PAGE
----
I had assumed the banks would win on the debit cards fees issue. But they needed 60 votes and they got 54 votes. Still -- bastards.
Even all the combined retail lobbies (you know, including the largest corporation in the world, Walmart and all the big retailers and all the supposed voters represented by the sainted small business class that the Republicans and Democrats alike profess to care so much about) could barely overcome the resistance of the pirate banks.
We are still so doomed.
I've had a few days to think about Wabi Sabi and Powell's -- and I'm still envious.
They are carrying many items I wish I could carry.
Ultimately, however, I chose to go the route of printed material. My art books alone would probably be equal in value to all the urban vinyl in Wabi Sabi.
Candy and gag toys? I just don't trust myself not to eat the profits -- but really, I just don't have the room.
The only other option would be to have a store more the size of the old Boomtown, and I shudder to think how much work and overhead that would be.
So...don't mess with what's working, I tell myself. (At the same time, there is something reassuring about the idea that there are still viable things to carry if what I'm currently carrying fall apart -- )
I'd probably get tarred and feathered if I mentioned this on any of the comic book industry bulletin boards but....
There is another highly regarded comic shop in another state that is apparently in real trouble. This is the kind of shop that is always nominated for awards. They are held up as examples of how comic shops should be. And very often, they seem to go out of business.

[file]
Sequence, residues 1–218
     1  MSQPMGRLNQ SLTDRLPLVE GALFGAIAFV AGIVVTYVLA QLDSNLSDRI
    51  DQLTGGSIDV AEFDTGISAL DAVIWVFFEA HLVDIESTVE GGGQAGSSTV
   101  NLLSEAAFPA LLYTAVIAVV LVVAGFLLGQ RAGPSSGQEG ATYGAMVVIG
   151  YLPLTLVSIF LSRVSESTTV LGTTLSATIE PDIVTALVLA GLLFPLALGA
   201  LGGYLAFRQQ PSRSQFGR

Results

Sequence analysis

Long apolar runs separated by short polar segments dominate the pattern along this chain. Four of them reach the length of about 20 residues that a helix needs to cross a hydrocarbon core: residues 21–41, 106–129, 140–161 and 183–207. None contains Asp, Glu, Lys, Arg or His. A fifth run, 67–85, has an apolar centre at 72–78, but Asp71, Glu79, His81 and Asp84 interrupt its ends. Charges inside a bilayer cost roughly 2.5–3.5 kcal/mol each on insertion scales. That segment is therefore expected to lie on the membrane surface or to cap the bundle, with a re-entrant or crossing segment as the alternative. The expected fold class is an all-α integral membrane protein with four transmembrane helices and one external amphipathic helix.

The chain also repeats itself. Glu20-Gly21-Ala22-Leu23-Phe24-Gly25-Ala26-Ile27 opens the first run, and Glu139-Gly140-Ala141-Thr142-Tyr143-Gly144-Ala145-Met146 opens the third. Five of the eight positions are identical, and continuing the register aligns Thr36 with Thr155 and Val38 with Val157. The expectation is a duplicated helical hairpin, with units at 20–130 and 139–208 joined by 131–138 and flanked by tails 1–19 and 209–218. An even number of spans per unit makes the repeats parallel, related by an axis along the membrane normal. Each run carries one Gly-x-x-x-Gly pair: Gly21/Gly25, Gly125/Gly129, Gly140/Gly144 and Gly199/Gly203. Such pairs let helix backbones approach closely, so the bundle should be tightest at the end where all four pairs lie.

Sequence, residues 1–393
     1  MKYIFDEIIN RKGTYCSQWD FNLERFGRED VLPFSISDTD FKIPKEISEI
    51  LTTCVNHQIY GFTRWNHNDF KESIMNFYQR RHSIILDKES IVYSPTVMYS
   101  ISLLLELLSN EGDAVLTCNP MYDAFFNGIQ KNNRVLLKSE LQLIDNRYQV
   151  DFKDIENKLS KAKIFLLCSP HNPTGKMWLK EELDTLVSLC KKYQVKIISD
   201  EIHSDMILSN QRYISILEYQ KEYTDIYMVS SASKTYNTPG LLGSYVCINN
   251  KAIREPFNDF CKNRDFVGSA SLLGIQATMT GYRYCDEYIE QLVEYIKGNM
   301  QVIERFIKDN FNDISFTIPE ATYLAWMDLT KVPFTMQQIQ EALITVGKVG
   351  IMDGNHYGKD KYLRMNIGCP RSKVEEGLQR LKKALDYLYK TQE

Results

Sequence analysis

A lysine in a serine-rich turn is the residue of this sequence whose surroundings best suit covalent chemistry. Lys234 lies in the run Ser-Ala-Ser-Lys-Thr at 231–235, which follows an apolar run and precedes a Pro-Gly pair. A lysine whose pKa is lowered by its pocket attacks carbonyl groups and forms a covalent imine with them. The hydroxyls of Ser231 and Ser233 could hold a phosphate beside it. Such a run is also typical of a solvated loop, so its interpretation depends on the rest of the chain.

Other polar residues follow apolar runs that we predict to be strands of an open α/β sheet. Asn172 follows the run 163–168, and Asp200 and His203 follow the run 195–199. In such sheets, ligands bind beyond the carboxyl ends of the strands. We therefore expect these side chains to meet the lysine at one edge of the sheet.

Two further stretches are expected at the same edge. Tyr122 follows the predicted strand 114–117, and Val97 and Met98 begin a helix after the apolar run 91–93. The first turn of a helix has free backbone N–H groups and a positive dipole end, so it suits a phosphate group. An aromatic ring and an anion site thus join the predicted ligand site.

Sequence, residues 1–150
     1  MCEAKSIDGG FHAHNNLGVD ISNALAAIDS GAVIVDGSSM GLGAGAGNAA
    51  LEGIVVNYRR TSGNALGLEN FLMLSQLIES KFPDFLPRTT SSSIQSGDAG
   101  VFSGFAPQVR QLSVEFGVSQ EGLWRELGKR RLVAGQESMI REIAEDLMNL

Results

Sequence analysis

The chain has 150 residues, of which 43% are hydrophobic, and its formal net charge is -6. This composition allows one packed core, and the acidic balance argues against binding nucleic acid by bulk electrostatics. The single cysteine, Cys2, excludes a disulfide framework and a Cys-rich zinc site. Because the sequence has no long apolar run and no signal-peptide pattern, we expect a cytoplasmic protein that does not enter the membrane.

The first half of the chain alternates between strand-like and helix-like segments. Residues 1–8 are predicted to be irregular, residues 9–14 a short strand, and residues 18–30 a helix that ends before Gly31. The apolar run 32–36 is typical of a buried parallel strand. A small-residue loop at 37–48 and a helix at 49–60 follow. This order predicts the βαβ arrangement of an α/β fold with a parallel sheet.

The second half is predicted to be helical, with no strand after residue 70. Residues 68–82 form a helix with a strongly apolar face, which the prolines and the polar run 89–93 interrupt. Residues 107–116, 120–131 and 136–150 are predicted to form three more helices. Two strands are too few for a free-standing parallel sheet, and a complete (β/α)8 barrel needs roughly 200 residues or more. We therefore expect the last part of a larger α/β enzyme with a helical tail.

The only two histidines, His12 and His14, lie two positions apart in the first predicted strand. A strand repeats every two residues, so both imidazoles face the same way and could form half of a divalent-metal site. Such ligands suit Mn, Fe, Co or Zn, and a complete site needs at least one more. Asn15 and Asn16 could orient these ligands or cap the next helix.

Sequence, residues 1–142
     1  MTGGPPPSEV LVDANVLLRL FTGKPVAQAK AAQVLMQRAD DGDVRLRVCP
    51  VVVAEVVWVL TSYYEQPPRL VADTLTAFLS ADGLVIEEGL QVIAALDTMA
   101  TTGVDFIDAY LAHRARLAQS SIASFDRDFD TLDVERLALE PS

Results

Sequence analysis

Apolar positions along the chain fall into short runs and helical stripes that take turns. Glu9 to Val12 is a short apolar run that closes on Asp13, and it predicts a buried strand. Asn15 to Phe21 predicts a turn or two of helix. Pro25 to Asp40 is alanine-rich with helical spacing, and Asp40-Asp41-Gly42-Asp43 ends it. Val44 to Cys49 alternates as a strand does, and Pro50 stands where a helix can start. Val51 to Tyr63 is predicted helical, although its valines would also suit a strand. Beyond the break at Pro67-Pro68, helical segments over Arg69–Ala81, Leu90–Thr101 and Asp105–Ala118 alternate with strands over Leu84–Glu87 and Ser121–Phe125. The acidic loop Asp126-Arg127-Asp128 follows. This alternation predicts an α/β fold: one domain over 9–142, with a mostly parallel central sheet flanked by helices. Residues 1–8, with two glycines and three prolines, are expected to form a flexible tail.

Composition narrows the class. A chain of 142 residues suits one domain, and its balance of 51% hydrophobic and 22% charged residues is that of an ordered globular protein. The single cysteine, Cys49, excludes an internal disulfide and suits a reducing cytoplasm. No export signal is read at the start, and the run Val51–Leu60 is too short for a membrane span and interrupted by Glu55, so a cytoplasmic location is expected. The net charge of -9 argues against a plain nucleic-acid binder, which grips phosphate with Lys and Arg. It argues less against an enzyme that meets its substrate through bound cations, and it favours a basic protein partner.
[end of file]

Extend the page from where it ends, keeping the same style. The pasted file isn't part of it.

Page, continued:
But I have to wonder if there is a direct correlation between their struggling to survive and their ambition.
It's all well and good to have a great looking store, stocked to the gills, with all kinds of social events etc. etc.
But you still have to live within your means.
I often have the urge to try to create my perfect store -- but it would be very costly, and ultimately, I'm not sure I would get enough business to reward my efforts. No matter how nice the store.
I even have an example in my own career.
Our store for the first year in Sisters was a tiny little 100 square foot space, and it did really well.
We rented the space next door, opened up and painted and repaired both rooms, bought new fixtures, and filled the tripled space with merchandise.
And our sales dropped.
I wonder sometimes if people realize that the size and shape of a store is dictated by the size and shape of the customer base -- not on the ambition and tastes of the owner.
6 days ago